Our ancient stories are filled with numerous instances. Like, Vishnu turned into a woman named Mohini. Karna took birth before Kunti was married. And a demigod named Kamadeva is an integral part of ancient India myths. None of these instances were seen with a degrading perception, as they are seen now. The ancient statues and pictures are the proof that India wasn’t reserved about sexual topics.

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But now, the situation has come to the point that people are shamed for their own bodies. Parents can’t discuss about sexuality to their kids openly. Sex education is non-existent in schools. By the time, kids hit puberty, they have to figure everything out on their own. This process can be isolating and guilt-inducing as well.

Kamasutra vatsyayana, Wikimedia
Kamasutra vatsyayana, Wikimedia

Instead of promoting an open environment regarding sexuality, India has become reserved and conservative about it. The biggest taboo that exists in our society is talking about sexual wellness products. These products and supplements are available at many stores in India, but they are not sold and purchased openly. Moreover, whosoever indulges in buying these products receive umpteen judgemental eyes.

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People cannot explore their own sexuality. They cannot take significant steps to maintain their sexual wellness. They cannot discuss their sexual problems with windows wide open. Ultimately, it has led people to feel ashamed of their bodies and its functions. They do not know how to deal with its biological demands.

Ultimately, it’s really important to promote the use of these products. A few men and women indulge in physical activities, but due to lack of awareness regarding these products, the women end up getting pregnant. It’s not only harmful to women but it also puts strain on the unborn child. Many families feel stressed out due to sexual problems. But again, due to the taboo nature of this topic, many males and females are ashamed of going to doctors and taking help.

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As per a report published by healthsite, impotency is leading sexual problem that Indian men face. Sexologist Dr Mahinder Watsa reveals that due to smoking, drinking, and work-related stress, many young men are facing erectile dysfunction.  In fact, myths like ‘masturbation is sinful’ plagues Indians. Dr. Watsa stated that it is important for men to masturbate in order to get rid of unwanted sperms. Women can masturbate to explore their bodies more. There is nothing sinful about this act.

Such issues often go unnoticed and young people are ashamed of talking about these issues. It’s high time that we remove the taboo label we have stamped over sexual topics and help people to pay more focus on their sex-related health.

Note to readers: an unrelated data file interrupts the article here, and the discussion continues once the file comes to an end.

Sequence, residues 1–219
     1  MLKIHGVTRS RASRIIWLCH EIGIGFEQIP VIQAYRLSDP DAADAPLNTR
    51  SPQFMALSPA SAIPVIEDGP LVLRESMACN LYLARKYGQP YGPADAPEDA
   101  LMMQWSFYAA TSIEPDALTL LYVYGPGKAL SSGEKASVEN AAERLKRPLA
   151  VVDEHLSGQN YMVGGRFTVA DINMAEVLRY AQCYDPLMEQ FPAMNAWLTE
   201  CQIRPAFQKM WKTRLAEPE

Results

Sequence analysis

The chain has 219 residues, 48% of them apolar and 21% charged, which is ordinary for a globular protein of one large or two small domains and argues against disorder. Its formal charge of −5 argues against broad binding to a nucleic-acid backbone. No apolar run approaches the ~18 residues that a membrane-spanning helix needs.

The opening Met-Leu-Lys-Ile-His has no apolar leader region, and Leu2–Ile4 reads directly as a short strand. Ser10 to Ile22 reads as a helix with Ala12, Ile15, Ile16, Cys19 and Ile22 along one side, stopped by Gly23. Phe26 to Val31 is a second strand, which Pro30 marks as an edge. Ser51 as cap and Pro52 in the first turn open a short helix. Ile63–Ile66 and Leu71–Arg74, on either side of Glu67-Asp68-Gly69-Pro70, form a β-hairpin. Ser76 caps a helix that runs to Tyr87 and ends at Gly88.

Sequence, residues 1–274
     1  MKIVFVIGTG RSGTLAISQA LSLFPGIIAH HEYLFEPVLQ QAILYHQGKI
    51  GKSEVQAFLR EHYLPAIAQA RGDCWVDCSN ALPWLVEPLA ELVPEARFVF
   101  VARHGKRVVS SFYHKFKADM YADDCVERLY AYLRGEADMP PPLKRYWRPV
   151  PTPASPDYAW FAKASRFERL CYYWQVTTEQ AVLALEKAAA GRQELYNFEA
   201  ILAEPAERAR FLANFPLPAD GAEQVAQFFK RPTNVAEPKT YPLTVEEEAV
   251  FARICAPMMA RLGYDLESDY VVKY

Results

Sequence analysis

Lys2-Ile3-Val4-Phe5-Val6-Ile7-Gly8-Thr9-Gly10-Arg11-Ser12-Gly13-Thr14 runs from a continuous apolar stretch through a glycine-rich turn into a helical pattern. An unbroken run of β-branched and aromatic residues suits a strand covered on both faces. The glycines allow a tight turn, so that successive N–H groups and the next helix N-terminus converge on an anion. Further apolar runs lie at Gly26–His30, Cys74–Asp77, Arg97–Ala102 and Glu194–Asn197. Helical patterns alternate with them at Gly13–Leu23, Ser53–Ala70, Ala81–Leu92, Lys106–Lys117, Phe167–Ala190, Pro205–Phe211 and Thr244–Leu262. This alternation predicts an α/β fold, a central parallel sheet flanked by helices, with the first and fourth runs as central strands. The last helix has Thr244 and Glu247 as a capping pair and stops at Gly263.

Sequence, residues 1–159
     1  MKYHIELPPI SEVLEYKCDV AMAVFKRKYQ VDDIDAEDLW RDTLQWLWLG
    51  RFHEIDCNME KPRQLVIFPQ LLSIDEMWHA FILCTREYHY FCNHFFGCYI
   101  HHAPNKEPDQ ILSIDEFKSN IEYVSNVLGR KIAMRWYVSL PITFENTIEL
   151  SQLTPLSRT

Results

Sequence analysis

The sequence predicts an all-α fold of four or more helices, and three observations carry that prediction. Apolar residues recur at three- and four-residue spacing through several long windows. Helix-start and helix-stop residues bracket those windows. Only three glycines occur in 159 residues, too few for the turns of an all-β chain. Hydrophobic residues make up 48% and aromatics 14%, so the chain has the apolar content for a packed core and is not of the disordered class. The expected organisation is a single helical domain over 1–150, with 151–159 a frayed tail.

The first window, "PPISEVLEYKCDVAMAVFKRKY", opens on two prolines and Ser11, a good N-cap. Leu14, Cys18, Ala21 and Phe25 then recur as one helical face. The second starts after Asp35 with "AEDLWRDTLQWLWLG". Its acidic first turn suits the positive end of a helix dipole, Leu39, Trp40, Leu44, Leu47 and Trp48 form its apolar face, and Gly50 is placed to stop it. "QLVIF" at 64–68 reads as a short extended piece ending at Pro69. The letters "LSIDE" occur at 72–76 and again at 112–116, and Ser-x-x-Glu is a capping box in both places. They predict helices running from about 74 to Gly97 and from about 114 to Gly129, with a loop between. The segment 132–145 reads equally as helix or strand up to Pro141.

– by Shivani Vohra of NewsGram. Twitter: @shivanivohra26

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HRD Ministry to Ban word ‘SEX’ from Sex Education at School level to avoid offending People

The HRD Ministry has asked to avoid the use of the words 'sex' and 'sexual' in the document for the Sex Education Programme

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Sex Education, Wikimedia

October 26, 2016: The Narendra Modi Government has decided to discard the usage of the word ‘sex’ from the sex education programme at the school level and HRD (Human Resource Development) Ministry has forced a panel of experts to condense it into one sentence. They said, that words like ‘sex’ or ‘sexual’ could not be allowed and the section had to be condensed into just one sentence.”

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HRD has also asked to abandon the use of words such as ‘sex’ and ‘sexual’ in the document for framing the policy on sex education for the students and said that the mention of the word ‘sex’ in the document might offend people, mentioned mensxp.com report.

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According to the Telegraph, when Smriti Irani had headed the HRD Ministry, the original draft which was given out in May used the word ‘sex’ twice.

Later it was reported that the expert panel has been asked to reduce the recommendations on adolescent education and asked not to use phrases like “sexual health needs,” as the word ‘sex’ is a taboo in India and instead of taking a step ahead and working forward to eradicate this, to the surprise, the government says, the mention of this word in the document might not be liked by people and offend them.

On the other side, experts have requested and urged upon a more explicit form of education where sex is talked about freely which will help solve the existing issues in this part of our lives.

According to the reports, the half a page in the draft earlier mainly advocated more thorough and explained lessons against unprotected sex but the Ministry raised objections on this as well during the last round of discussions.

– prepared by Chesta Ahuja, NewsGram.  Twitter: @ahuja_chesta